International UNHRC’s futile resolutions on Sri Lanka's mass killings

UNHRC’s futile resolutions on Sri Lanka’s mass killings

There was no action to investigate mass killings of Tamils by Sri Lankan government forces

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More than 100,00 people were killed in the Sri Lankan insurgency from 1972 until 2009.  The highest toll of mass killings was in Mullivaikkal where an estimated 40,000 Tamils were killed in early 2009.

Towards the end of the insurgency in May 2009, aerial bombardments and indiscriminate shellings by the Sri Lankan army, navy and air force comprising about 300,000 personnel massacred helpless, starving and unarmed civilians.

According to the then United Nations Secretary-General Ban Ki Moon’s panel of experts’ report published on 31 March 2011, the Mullivaikkal (North East) killings ceasing in May 2009 marked the end of 37 years of insurgency.

Since then, six United Nations Human Rights Council (UNHRC)  resolutions from 2012 to 2019 came to nought with no resolute action to investigate and judicially try the mass killings by the Sri Lankan government forces.

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Shockingly, all these six resolutions were adopted in the UNHRC but were not acted upon or implemented because they were not referred to the UN Secretary-General to table at the UN Security Council to take action on the reported mass killings of 40,000 Tamil civilians in Mullivaikkaal.

From the Security Council, the resolution against the Sri Lankan government forces massacre would be referred to the International Criminal Court (ICC) in the Haque for war crimes. There is very little hope for justice to be served after six resolutions failed.

The Sri Lanka genocide was highlighted in the Sri Lanka’s Killing Fields documentary which showed Sri Lankan armed forces declare victory in May 2009, in one of the world’s most intractable wars in which the forces killed the leader of the Tamil Tigers, V Prabhakaran.

The insurgent group had fought to create a separate homeland for the country’s ethnic Tamil minority. The United Nations said the conflict had killed about 100,000 people.

The United Kingdom is now leading a team of six countries, including Canada, Germany, Malawi, Montenegro and North Macedonia, to table a fresh resolution on 22 March 2021.

The UN Secretary-General’s panel of experts report in March 2011 stated that the Sri Lankan government “fell dramatically short of international standards on accountability and fail to satisfy either the joint commitment of the President of Sri Lanka and the UN Secretary-General, on Sri Lanka’s legal duties. The Government of Sri Lanka has not discharged its responsibilities to conduct a genuine investigation, nor has it shown signs of an intention to do so.”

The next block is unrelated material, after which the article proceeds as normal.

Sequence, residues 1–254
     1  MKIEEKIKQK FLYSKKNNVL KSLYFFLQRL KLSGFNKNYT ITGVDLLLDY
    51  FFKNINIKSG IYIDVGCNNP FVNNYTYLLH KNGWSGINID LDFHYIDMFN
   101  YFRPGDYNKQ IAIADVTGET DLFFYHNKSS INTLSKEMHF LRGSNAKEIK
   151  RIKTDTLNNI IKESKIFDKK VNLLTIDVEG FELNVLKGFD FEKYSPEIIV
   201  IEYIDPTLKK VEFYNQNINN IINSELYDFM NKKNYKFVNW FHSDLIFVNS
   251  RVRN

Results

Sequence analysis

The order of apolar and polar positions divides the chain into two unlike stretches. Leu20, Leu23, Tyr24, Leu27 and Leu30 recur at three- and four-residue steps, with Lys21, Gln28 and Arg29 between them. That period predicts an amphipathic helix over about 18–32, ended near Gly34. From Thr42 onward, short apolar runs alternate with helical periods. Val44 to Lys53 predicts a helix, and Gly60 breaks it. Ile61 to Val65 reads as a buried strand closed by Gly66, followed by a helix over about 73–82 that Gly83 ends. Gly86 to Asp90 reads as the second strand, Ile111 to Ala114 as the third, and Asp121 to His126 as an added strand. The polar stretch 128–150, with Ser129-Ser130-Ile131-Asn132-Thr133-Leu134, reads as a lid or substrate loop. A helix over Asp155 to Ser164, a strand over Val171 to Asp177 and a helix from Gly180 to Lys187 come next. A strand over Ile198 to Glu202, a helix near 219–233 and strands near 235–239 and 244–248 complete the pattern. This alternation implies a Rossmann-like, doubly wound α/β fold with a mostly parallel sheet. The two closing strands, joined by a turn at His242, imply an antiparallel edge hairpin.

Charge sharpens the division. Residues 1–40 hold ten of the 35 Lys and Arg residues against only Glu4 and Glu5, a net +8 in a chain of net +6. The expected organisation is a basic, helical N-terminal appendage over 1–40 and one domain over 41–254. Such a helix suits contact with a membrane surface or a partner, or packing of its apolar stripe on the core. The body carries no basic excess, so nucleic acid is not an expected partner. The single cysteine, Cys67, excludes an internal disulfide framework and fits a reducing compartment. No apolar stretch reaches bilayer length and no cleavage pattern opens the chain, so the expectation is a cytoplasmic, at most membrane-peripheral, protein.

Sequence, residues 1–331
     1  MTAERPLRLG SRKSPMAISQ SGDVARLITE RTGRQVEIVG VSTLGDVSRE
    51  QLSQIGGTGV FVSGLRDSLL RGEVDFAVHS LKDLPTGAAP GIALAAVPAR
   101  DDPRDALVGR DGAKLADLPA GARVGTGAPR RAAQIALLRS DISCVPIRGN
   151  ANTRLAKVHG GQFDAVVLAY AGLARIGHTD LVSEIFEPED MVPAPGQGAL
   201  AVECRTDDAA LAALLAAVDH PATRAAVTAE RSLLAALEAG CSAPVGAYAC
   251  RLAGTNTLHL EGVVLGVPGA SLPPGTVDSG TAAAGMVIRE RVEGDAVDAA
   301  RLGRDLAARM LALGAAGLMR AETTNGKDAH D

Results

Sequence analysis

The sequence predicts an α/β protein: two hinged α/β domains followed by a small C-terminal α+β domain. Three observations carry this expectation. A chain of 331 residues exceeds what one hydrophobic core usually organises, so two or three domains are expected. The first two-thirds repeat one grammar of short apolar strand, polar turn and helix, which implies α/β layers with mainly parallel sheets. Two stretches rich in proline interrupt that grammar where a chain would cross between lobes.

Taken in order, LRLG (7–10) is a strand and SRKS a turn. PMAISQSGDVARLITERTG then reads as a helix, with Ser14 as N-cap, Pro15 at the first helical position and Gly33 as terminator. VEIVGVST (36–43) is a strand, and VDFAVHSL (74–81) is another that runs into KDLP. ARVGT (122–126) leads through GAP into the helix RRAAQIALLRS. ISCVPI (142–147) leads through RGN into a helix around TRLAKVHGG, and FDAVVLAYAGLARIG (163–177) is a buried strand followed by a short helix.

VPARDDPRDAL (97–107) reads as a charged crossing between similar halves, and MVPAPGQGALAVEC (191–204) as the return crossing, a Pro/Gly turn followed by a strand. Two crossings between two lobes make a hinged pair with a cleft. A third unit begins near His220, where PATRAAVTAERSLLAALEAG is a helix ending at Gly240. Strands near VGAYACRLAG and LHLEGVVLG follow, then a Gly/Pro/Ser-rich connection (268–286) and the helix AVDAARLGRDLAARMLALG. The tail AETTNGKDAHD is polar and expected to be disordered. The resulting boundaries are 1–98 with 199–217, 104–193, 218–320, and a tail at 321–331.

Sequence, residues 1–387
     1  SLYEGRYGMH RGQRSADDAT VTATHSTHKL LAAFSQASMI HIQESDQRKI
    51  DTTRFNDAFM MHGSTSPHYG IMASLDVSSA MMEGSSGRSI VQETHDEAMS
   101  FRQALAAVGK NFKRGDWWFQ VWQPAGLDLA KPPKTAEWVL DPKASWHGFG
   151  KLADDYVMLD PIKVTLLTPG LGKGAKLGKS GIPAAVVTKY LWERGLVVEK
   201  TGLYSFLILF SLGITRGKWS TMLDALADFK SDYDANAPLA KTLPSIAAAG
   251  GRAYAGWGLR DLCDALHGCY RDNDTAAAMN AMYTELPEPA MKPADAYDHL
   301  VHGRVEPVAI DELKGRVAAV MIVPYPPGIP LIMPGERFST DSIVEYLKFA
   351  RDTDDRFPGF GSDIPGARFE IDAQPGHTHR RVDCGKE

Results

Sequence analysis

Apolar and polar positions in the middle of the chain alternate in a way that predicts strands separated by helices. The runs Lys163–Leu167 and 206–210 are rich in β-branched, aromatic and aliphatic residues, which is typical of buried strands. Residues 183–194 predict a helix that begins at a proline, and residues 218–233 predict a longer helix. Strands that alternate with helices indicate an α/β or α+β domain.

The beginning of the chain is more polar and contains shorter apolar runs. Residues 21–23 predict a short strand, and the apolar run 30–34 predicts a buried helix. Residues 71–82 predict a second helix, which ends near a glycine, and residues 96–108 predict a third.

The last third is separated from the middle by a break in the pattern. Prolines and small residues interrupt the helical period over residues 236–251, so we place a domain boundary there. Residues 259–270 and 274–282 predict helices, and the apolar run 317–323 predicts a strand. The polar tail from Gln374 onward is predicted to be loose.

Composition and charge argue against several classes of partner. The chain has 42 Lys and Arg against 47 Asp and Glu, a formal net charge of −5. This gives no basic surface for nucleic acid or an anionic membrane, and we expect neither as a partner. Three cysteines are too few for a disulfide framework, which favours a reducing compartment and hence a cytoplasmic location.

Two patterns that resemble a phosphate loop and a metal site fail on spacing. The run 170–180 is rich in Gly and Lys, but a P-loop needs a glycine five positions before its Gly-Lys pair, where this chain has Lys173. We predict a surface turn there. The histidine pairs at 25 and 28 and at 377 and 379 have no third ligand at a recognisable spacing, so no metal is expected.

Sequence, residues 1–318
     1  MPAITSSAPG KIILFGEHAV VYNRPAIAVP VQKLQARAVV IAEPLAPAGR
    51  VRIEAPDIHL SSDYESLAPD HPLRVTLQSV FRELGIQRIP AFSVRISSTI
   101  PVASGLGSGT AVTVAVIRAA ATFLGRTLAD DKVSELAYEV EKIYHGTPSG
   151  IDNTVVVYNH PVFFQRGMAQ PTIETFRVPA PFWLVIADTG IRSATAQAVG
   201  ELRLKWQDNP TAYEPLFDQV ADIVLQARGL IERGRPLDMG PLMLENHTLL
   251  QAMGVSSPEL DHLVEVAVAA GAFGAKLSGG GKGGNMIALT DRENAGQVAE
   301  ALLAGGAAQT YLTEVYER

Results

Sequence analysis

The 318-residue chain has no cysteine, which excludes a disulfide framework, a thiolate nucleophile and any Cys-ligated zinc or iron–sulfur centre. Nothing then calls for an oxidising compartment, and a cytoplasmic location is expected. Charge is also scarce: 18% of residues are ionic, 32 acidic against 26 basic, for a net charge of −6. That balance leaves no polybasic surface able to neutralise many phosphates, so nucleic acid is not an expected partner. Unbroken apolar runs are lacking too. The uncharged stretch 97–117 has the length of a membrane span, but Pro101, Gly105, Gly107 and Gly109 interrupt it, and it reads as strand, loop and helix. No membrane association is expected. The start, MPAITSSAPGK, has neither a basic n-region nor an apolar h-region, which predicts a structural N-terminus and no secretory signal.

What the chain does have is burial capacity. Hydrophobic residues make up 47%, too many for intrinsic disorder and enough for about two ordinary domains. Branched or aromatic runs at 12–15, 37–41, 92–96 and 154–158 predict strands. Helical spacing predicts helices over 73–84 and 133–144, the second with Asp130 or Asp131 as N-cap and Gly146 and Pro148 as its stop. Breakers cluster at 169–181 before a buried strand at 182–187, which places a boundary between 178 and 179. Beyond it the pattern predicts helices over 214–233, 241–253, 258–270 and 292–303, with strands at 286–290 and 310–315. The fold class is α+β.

The UN’s panel of expert’s report emphasised: “The Sri Lankan authorities should immediately embark on a genuine investigation of the alleged violations in this report. The Panel considers that an independent and complementary international approach is imperative.”

The Sri Lanka’s Killing Fields documentary director Callum Macrea in the book, Sri Lanka: Hiding the Elephant, foreword remarked: “Truth-telling is a modest contribution to the process which will lead to justice – and which in turn can help pave the way to peace and political solutions to very long-standing injustices.”

The solution lies with the UN Security Council’s reference of the Sri Lankan government’s massacre and genocide of innocent Tamil civilians to the International Criminal Court (ICC) in the Hague for the perpetrators to be tried for war crimes.

Ceylonese Tamils made up an overwhelming majority in the civil service of British Malaya and Singapore prior to independence. It was in Malaysia and Singapore that the term Ceylonese and Jaffnese were popularly used by the Sri Lankan Tamils to differentiate themselves from the larger Malaysian Indian population who were predominantly of Tamil origin.

Like other diasporas, Sri Lankan Tamils are scattered and dispersed around the globe, with concentrations in South Africa, United Kingdom, Canada, India, Europe, Australia, United States, Malaysia, Singapore, Seychelles and Mauritius.

 

M.Krishnamoorthy was a full-time journalist for the past 35 years. He has also freelanced for CNN, BBC, German, Australian TV networks, TIME magazine, New York Times and newspapers in Malaysia. In the past four years, he taught Journalism at two international universities as an Associate Professor.  In 2019, his sixth book, May 9PEOPLE POWER SAVES MALAYSIA was voted as Malaysia’s top Reader’s Choice. His 5th book was another bestseller titled: MH 370: Flying Through Crisis.

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